Spread the Word to End the Word on March 28

Jared portrait

Jared Niemeyer is a SOMO athlete from Kirksville

March is Spread the word to End the R-word campaign month. Our youth are leading the R-word movement to address this issue of social injustice.  They are standing strong and informing others of the significance in not using the R-word.  This movement is encouraging people to make a decision to use respectful language and make a pledge to not use the R-word.  Their goal is to generate respect for all individuals; promoting inclusive communities, inclusive employment and a more inclusive world.  Shouldn’t every encounter be addressed?

We may not find it necessary to take the stand that John Franklin Stephens, Special Olympics athlete and Global Messenger, took in writing an open letter to Ann Coulter due to her use of the word retard following the Presidential debates in November 2012.  However, we are very grateful for John’s courage and his thought-provoking letter.  John’s letter included this comment, “Ms. Coulter, you, and society, need to learn that being compared to people like me should be considered a badge of honor. No one overcomes more than we do and still loves life so much.”

John has said in the past that hearing the word retard “makes him, and others like him, feel wholly excluded.  I want you to know that it hurts to be left out here, alone.  Nothing scares me as much as feeling all alone in a world that moves so much faster than I do.”

With 385,153 pledges to date, our message is growing strong and our voice steady.  Join us by visiting www.r-word.org to make this pledge:

I pledge and support the elimination of the derogatory use of the r-word from everyday speech and promote the acceptance and inclusion of people with intellectual disabilities.

If you’ve made the pledge, step up to the challenge and resolve to add your voice to this movement in order to make a difference!

It only takes one person!  Eunice Kennedy Shriver not only accomplished her dream of promoting dignity through athletic opportunities, but has spread her dream across our world.  You can do the same thing in your family, school, clubs, organizations and community.  You can make all the difference with the people around you.  You can make change but you can also BE the change!

Students in Kirksville pledge to end the use of the r-word

Students in Kirksville pledge to end the use of the r-word

You can do so many things to promote change by being motivated, enthusiastic, encouraging, and energetic.  Be the change in ending the R-word means you explain to others how hurtful the derogatory use of the word retard is to those with intellectual disabilities.  It makes those of us who have an intellectual disability feel inferior, less important, able to do or accomplish less or even unlovable.  It’s important to stop putting others down by saying “retard” or “retarded” as if it’s disgusting or the worst thing possible.  Take a stand – share with your family, friends or others who use those words that it hurts us.  Take a stand to be the change for positive attitudes and changed hearts in your community.  Take a stand to be a strong, positive voice!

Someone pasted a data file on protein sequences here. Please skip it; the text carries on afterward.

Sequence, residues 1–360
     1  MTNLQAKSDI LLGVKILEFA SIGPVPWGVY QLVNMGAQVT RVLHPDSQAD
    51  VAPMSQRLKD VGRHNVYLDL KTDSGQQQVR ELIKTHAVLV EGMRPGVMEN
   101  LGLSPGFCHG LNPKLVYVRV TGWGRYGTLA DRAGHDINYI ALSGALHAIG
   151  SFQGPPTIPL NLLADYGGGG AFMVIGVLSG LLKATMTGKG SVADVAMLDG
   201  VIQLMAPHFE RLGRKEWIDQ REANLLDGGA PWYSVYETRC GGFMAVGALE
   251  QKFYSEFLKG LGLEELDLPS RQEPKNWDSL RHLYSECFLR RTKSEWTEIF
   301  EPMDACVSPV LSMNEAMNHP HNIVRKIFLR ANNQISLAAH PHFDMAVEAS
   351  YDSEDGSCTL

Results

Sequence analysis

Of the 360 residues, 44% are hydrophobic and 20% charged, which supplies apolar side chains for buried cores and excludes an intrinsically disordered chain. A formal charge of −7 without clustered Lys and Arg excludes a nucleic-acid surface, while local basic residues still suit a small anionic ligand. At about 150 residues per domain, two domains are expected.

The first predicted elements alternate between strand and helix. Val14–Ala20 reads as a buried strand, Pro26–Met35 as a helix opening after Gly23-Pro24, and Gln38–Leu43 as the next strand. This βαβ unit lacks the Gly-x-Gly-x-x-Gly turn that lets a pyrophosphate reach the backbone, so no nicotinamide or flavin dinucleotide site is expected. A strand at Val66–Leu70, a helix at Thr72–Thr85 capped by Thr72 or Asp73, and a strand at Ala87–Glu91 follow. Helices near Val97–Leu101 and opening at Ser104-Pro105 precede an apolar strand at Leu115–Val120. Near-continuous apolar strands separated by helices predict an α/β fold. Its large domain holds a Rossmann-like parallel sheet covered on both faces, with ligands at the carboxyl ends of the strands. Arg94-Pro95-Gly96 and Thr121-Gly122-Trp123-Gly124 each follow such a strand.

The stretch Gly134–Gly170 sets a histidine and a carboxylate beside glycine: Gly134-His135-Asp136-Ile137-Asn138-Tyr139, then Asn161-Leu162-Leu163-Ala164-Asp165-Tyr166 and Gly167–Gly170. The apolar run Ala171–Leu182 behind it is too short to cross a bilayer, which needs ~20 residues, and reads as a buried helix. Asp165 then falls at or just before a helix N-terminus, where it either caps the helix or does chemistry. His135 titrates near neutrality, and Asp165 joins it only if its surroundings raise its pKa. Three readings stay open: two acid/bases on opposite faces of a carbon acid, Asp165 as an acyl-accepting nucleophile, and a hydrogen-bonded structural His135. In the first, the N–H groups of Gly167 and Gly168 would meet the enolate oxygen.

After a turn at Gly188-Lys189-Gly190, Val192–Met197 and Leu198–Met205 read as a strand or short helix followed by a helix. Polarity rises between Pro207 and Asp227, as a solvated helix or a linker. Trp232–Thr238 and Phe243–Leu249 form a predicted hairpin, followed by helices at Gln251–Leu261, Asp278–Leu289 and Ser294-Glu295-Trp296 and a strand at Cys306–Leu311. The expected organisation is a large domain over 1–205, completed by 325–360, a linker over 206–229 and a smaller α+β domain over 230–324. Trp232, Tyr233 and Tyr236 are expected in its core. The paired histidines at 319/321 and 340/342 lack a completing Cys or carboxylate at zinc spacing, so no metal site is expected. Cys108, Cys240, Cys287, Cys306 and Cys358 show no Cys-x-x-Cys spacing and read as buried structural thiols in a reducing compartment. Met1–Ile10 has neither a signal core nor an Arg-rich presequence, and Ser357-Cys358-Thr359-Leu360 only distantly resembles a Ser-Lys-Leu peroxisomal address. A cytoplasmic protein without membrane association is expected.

Most people don’t seem to understand how saying words can be so hurtful.  When you explain to one person, a friend, a group of people, a club, a class, a school – it spreads!!  Just informing others causes a ripple effect.  You can share with your friends and they can help promote change with you!  If you start a campaign in your school you just have to have a plan that your group of friends and an interested adult can share with your principal or superintendent.  If they are concerned you have to listen to what their concerns may be and adjust your plans if possible to make it doable in your school!  Listen to them and they’ll listen to you.

Special Olympics Chairman Tim Shriver, Jared and Brenda Niemeyer and Senator Roy Blunt

Special Olympics Chairman Tim Shriver, Jared and Brenda Niemeyer and Senator Roy Blunt

Use ideas on the R-word website or in the Project UNIFY manual to make sure your campaign has everything it needs to be the best!  These ideas can help you come up with plans for your group to propose and accomplish.  Stopping the R-word is about respect, dignity, unity, fairness, understanding, inclusion, truth, honor and acceptance.  We can all live together by working together; but we have to be a positive person in our community.  Everybody deserves to be treated with respect.  You might not always understand me or know what I’m talking about, but what I have to share is important.  I want to help make good things happen for the people around me.  I want to help others get through school, get along with others, get a meaningful job, live as independently as they can and give to their community!  One can make HUGE changes for many others.  Be the one working for positive change.  BE THE CHANGE in your community!

Jared Niemeyer is a SOMO athlete who lives in Kirksville. He serves on the national Youth Activation Committee, a group of young people from across the country who work together to promote school communities where all young people are agents of change.

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Local athlete, coach and International Global Messenger Kristina Rhodes to be interviewed on KSHB-TV

On Thursday, November 8, Special Olympics athlete, coach and International Global Messenger Kristina (O’Neal) Rhodes will be interviewed on KSHB-TV. Tune in as she discusses her work with Special Olympics in Missouri and the Send a High Five Campaign, a joint initiative between VSP Vision Care and Special Olympics.

Almost 200 million people have intellectual disabilities, and up to 40 percent of these individuals are also affected by some type of vision loss or abnormality. To address this issue, VSP Vision Care worked with the Special Olympics to provide 50,000 athletes around the U.S. with the vision care they need via the “Send a High Five” campaign. For more information on the importance of healthy eyes and the campaign, check out this infographic!